Thailand PM vows to fight on

Thaksin Shinawatra, the Thai prime minister, says he intends to finish his second term in office while his opponents insist they will increase calls for him to quit.

    The prime minister is accused of misusing his position

    Tens of thousands of protesters held an all night anti-givernment rally in Bangkok on Saturday to call for the resignation of prime minister Thaksin, accusing him of corruption and using political power to further his personal business interests.

    However, Surapong Suebwonglee, a spokesman for the prime minister, said on Sunday that Thaksin intended to continue in his role for another three years and rejected opposition calls for him to stand down or hold new elections.

    The prime minister's defiance comes despite the resignation of two junior ministers in as many days from a rebellious faction within Thaksin's ruling party.

    Surapong said that Thaksin had no plans to reshuffle his cabinet but would appoint deputies to fill the vacant posts.
     

    "We consider the resignations of two ministers as an internal problem of our Thai Rak Thai party, which is part of the evolution of a political institution. The resignations had nothing to do with the 4 February demonstration," he said.


    Just the beginning

    Opponents of the prime minister hailed Saturday's all night rally as a success.

    Sondhi Limthongkul, a media mogul and one of Thaksin's leading critics, said the protest was just the beginning.

    The opposition says it will increase
    the protests against the PM

    "This is a victory, because we managed to deliver our petition to the king's official representative and to army commander General Sonthi Boonyaratglin," he said.

    One of the protest organisers, Prapan Khoonmme, promised to repeat the performance.

    "We have decided to resume our demonstration next week because of public demand. Our mission to salvage our nation by pressing for Thaksin to resign is not yet complete," he said.

    The anti-Thaksin camp was also boosted by the resignation of Sora-at Klinpratum, the technology minister, who announced he was quitting on Saturday.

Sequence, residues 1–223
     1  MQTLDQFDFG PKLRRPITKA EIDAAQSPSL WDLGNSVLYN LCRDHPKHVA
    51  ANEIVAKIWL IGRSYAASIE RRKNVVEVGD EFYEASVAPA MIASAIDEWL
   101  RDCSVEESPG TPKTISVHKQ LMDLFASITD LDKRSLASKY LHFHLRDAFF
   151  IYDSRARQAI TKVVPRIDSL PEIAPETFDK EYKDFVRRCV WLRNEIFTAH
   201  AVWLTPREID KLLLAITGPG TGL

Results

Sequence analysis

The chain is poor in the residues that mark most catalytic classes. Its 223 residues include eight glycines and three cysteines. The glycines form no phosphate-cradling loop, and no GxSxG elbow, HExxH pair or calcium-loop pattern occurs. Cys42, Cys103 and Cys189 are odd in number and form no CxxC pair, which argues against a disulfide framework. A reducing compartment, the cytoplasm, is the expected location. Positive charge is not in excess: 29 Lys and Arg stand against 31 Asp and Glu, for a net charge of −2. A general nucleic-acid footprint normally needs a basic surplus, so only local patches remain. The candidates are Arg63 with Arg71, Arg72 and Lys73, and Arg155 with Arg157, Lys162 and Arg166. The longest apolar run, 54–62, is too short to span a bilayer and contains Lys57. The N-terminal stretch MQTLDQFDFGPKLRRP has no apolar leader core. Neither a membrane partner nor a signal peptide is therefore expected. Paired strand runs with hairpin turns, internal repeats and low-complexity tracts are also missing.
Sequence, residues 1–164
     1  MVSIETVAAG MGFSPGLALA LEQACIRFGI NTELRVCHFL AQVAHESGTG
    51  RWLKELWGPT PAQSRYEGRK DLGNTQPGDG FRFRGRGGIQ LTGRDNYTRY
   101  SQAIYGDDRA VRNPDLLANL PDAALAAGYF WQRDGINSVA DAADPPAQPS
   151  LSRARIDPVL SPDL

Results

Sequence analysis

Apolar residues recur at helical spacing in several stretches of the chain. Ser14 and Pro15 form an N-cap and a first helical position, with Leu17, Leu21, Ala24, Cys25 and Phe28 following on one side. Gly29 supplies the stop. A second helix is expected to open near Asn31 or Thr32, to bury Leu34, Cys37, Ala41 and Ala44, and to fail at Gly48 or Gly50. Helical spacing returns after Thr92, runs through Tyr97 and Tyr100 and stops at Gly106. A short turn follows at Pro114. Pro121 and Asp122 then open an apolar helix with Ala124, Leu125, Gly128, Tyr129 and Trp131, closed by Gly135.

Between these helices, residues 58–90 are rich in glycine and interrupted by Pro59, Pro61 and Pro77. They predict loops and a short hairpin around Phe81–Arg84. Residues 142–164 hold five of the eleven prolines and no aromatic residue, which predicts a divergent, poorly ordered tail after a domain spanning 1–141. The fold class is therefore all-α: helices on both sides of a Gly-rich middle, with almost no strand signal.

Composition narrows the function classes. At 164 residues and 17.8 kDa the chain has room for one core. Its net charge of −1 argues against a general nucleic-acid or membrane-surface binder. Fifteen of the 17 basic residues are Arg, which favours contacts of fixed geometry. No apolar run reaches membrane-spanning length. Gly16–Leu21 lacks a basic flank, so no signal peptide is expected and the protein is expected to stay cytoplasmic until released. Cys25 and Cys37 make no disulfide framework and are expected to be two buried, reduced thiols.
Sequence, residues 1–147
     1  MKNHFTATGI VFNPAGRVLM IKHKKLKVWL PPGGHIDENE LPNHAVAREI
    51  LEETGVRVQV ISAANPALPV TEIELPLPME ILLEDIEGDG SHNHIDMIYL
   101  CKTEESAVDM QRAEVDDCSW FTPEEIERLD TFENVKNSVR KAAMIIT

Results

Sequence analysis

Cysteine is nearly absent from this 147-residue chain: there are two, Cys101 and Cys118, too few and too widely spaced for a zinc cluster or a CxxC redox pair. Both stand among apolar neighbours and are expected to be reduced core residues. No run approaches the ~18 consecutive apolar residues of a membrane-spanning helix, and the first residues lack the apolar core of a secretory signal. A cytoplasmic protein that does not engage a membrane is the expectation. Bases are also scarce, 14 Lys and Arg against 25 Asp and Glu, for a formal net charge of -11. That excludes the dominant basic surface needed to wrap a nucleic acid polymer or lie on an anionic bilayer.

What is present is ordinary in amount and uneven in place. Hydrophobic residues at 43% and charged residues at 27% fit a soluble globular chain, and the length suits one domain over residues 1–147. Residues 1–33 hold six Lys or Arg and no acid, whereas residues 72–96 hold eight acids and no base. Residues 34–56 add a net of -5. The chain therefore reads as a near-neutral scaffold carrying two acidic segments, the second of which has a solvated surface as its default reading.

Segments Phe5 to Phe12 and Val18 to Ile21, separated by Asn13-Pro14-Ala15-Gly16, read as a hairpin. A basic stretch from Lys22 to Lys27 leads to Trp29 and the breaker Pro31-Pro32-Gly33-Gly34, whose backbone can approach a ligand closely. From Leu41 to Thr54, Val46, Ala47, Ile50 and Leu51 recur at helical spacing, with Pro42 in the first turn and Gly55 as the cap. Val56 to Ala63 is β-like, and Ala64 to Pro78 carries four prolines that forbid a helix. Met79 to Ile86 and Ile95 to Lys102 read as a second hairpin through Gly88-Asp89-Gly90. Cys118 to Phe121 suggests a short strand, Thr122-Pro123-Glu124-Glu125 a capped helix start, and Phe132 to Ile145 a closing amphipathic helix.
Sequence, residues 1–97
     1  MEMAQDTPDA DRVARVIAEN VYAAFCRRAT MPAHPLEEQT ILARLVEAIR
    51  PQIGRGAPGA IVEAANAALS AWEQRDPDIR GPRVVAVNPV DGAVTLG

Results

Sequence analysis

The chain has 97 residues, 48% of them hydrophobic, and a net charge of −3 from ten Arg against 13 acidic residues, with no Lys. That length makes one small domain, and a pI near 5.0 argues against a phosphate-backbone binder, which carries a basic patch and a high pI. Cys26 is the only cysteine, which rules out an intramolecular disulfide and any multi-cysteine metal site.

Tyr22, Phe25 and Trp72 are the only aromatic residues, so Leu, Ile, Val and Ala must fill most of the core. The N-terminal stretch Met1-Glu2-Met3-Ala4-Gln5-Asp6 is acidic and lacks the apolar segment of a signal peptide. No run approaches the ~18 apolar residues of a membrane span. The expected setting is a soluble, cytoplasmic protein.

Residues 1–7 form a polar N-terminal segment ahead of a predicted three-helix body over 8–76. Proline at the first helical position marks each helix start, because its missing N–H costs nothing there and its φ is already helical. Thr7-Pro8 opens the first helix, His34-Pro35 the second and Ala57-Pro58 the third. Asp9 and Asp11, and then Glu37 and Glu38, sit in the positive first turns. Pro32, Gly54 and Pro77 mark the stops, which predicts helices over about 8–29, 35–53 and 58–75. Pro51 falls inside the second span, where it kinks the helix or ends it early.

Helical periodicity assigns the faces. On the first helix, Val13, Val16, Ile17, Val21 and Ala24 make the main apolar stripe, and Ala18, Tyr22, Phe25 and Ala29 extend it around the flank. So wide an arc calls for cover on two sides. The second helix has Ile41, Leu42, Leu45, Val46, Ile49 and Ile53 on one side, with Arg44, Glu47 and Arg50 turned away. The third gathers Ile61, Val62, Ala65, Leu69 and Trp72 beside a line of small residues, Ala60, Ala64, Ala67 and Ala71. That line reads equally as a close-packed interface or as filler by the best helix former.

The surprise resignation came just one day after Uraiwan Thienthong, the culture minister, too,had suddenly quit, saying she wanted to maintain "political ethics".

    Both resignations came at the request of Uraiwan's husband Sanoh Thienthong, who leads a faction within Thaksin's Thai Rak Thai party.

    Faced with the possibility that the party could splinter,Somsak Thepsuthin, the labour minister, who heads another faction within the party, met his supporters on Sunday to assess the changing political landscape.

    Royal role

    "Our mission to salvage our nation by pressing for Thaksin to resign is not yet complete"

    Prapan Khoonmme, protest organiser

    Opposition Democrats, who have distanced themselves from the protest, also planned to meet to consider how to profit from Thaksin's troubles.

    Thaksin himself planned to spend the day in his hometown of Chiang Mai.

    Sondhi organised Saturday's demonstration in a Bangkok square leading to the Thai parliament in order to deliver a petition to King Bhumibol Adulyadej to pressure Thaksin to resign or to call new elections.

    He also brought a petition to the army commander asking him to stop supporting the prime minister.

    While not authorised to sack Thaksin, the popular king holds great sway over Thai society, and the prime minister has said that he would resign if asked to do so by the king.

    The protest signified one of Thaksin's greatest challenges to face since he came to power five years ago, and reflects public anger at his family's sale of the telecom giant, Shin Corp, to Singapore's state-owned investment firm Temasek.

    His family managed to avoid paying tax on the $1.9 billion  earned from the sale, sparking a public outcry and an investigation by regulators.

    SOURCE: Agencies


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